How I learned that chess could be much more than just a game.
My mom was the “smarter” one between my parents, at least that’s what Dad used to say. He had more formal education than she did, but that was only because she was busy rearing my sister and me. He often talked about how lucky he was that such a smart, sexy lady like Mom consented to marry an “ordinary doofus” like him. Mom was well-spoken, quick to learn, and sharp, so that once I started showing strong potential in my studies, Dad claimed that it could only have come from Mom’s side.
Mom and I loved to play board games together. A couple times a week I would run up to her and eagerly ask if we could play Scrabble, the game in which she was the insurmountable champion, a true walking and talking dictionary. I, however, loved a challenge, and consistently attempted to defeat her. I loved that she never let me win– kids can tell when you’re taking it easy on them. I wanted to get better, and beat her on my own merit. Of course, I never did. Not once.
So one day she suggested that I learn how to play chess, a game that she knew how to play but hadn’t ever truly mastered. I assented to learn because I was just a kid with nothing better to do, but also was eager to beat her at something. (Even back then, I was the same unapologetic competitor that I am today– I need to win.)
I still remember the board that I first learned on. It was made of cheap cardboard, and the sixty four squares were alternating black and red, not the standard black and white. The pieces were small, thin, and plastic– you could blow them over if you weren’t careful, and with my increasingly frequent screams of delight, I often almost did.
I fell in love with the game because it made such absolute sense. The best part about chess, I soon found, was that Chance played absolutely no part in the game, as it did in so many other board games I had no interest in playing. In Monopoly, for example, you are the victim to all sorts of external forces that are beyond your control– there’s dice, Chance cards, not to mention the rule-breaking, backstabbing assortment of alliances that people insist is “part of the game.”
Chess has none of this. It’s cold, clean logic. If you lose, its because you were out-thought, plain and simple. When you play enough chess, you realize that it requires so much planning ahead, forward thinking, and strategy, that it’s less a game and more a war between two intellects, a perfect test of forward thinking, cause and effect reasoning, and critical analysis. It only takes a couple of days to learn the rules of chess, but they say that it takes a lifetime to truly learn the technique, which, like may other things in this life, is labyrinthine in its depths. People dedicate their entire lives to learning how to play chess, and on their deathbeds swear that they still never fully mastered it.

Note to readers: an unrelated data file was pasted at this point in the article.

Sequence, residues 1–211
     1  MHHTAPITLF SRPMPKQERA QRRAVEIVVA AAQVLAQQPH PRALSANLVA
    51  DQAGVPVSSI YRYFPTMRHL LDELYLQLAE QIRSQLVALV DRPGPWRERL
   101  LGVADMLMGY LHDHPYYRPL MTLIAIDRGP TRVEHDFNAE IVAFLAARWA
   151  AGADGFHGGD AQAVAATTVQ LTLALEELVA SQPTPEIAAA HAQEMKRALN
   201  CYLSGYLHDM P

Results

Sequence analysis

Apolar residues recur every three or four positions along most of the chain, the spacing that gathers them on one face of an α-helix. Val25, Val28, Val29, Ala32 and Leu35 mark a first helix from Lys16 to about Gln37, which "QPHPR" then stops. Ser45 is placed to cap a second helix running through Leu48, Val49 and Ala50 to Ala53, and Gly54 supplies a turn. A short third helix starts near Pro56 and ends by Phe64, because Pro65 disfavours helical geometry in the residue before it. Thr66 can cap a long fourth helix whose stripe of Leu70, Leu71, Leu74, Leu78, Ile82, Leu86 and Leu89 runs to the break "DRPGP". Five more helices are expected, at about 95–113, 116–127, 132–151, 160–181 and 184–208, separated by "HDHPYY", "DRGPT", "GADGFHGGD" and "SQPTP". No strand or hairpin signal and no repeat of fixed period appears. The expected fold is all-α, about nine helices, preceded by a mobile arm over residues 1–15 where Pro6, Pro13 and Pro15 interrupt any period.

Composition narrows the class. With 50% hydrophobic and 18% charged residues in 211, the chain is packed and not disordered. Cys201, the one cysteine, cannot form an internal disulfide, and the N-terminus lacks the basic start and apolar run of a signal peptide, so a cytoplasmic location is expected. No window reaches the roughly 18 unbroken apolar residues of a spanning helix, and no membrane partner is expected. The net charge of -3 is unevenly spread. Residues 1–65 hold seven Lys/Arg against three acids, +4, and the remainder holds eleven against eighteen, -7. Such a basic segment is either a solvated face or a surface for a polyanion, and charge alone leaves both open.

I started taking lessons after school, and soon was beating Mom whenever we played. She soon grew tired of playing me, I think, because I tend to be a bad winner. (My friend Kevin once said that he hated seeing me win only because he could see how much it meant to me. Just thinking of that right now makes me want to call up Kevin and beat him at something.) Mom told me about a children’s chess league that met on Mondays in the local gymnasium. I was pretty cocky that I had this chess thing all figured out, so I was eager to go find out just how good these kids were.
Turns out they were pretty good. I still remember when Mom and I arrived at the sign up table, and the man sitting down asked me what my ranking was. I had never heard the term ranking, so I said, “Ten.” Little did I know that chess rankings were not on the same scale that you rate how fun your day was, and that an average score was around a thousand. The man smiled, said okay, and signed me in.
I was immediately humbled that night. Mom picked me up a few hours later, and asked me how it went. I had lost every game I played. Those kids, most of them my age or even younger, were incredible. Their pieces moved with such agility, cunning, and smooth coordination that I suspected some sort of foul play. One kid even put me in checkmate in four moves. The hard truth that I had to swallow was, of course, that they were much, much better at chess than I was.
I played in that league for a few months until Mom got sick again. After she died, I didn’t play for years. I think that part of me associated the game with our time together, and I wasn’t ready to pick it back up.